Salvation for stranded seafarers

No one is more exposed to the daily hardships and horrors of abandoned crews than the world’s leading shipping charities and the hard working people at trade unions such as the International Transport Workers’ Federation (ITF).

A glance at the database of abandoned ships created by the International Maritime Organization and the International Labour Organization shows charity and union staff have their work cut out keeping in touch and aiding the hundreds of stranded seafarers around the world who are more often than not left to fend for themselves in dire conditions.

Unsurprisingly these men and women at the sharp end of this crisis have strong opinions on the issue and also solutions that are worth airing.

“In 2017 seafarers should not be abandoned without pay,” Roger Harris, executive director of International Seafarers’ Welfare and Assistance Network (ISWAN), told Splash. “Not only does it cause them financial hardship but it also has a detrimental effect on their mental wellbeing. Flag and port states need to act more quickly to ensure that seafarers don’t languish aboard vessels for months and even years waiting for pay that is rightfully theirs in the first place.”

A recent global survey carried by Apostleship of the Sea (AoS) and presented at their World Congress in Kaohsiung last week showed that 30% of AoS port chaplains have supported crew on an arrested ship in the last year. Ship arrests are often the precursor to abandonment.

“In our experience abandoned crew will have both immediate practical needs; need for local information, clothing, help to communicate with family as well as longer term needs while the case is being resolved; access to union and legal help, emotional and spiritual support,” Martin Foley, AoS’s UK national director, told Splash. “Some in the industry are blind to the extent of this problem and the extreme emotional and psychological effect it has on abandoned crew and their families. AoS would welcome sincere efforts across the industry to better map the problem and take preventative measures so that fewer seafarers are affected.”

Interviewed for Splash, the Reverend Canon Andrew Wright, secretary general of the Mission to Seafarers, spoke of how he and his team had repeatedly seen the damage caused by what he described as “this immoral practice”.

“Shipowners and managers have a duty of care to their crews and the maritime industry must be united in condemning those owners who avoid their legal responsibilities for seafarer welfare,” Wright stressed.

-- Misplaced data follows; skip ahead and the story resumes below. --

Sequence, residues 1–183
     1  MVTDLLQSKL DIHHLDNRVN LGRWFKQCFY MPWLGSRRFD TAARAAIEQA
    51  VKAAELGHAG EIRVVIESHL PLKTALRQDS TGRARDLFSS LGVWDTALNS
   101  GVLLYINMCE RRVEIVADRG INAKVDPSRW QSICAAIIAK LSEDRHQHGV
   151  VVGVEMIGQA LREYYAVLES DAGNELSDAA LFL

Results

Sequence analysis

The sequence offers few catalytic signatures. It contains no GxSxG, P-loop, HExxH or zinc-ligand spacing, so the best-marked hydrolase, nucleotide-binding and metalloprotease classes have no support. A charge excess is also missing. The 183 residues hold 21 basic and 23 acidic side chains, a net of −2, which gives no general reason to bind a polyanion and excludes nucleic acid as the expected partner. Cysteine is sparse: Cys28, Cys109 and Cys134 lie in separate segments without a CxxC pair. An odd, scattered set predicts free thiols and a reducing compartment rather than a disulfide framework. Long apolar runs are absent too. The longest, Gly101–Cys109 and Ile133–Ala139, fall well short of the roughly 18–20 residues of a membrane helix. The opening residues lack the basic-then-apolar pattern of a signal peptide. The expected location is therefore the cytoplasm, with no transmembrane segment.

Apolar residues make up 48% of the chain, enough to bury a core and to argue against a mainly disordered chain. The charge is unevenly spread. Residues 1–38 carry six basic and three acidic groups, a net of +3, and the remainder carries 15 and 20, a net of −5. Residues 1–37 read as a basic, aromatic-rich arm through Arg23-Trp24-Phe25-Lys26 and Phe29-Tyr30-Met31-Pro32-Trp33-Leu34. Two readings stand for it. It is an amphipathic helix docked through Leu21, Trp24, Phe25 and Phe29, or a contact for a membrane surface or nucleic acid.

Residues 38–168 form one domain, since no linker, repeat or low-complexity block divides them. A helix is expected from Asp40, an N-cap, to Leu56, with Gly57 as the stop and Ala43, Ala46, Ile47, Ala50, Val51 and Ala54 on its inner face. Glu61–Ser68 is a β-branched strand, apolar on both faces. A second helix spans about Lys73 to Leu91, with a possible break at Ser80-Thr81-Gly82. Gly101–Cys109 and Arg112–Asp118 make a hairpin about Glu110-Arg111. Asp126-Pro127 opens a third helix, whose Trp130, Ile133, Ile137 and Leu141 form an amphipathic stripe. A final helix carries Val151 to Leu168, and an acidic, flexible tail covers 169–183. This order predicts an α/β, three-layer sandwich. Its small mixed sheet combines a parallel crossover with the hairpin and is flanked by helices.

Stuart Rivers, CEO of Sailors’ Society, agreed with Wright’s sentiment, while also making suggestions as to how to stamp out the problem.

“We condemn abandonment and the unscrupulous practices that lead to it because charities like us have to pick up the pieces and see first hand the hardship and anguish caused,” Rivers said. He called for greater dialogue with shipowners to sound out ways to solve the scourge. Part of the solution would be for more countries to ratify the MLC 2006, Rivers asserted.

Meanwhile, David Heindel, chair of the ITF’s seafarers’ section, stressed that crew abandonment was something that involved a tiny minority of shipping, and it can be kicked out.

“Every decent, responsible person in shipping wants to see the end of crew abandonment. It’s a canker on the face of the industry that the vast majority want to see eradicated,” Heindel said, adding: “We would like to applaud the work of Splash in campaigning against this long-running scandal.”

Tomorrow Splash hears from some of the world’s top shipowning organisations, but not all of them. Check the site on Friday to find out which famous shipping bodies have chosen not to support our campaign.

Sam Chambers

Starting out with the Informa Group in 2000 in Hong Kong, Sam Chambers became editor of Maritime Asia magazine as well as East Asia Editor for the world’s oldest newspaper, Lloyd’s List. In 2005 he pursued a freelance career and wrote for a variety of titles including taking on the role of Asia Editor at Seatrade magazine and China correspondent for Supply Chain Asia. His work has also appeared in The Economist, The New York Times, The Sunday Times and The International Herald Tribune.
Back to top button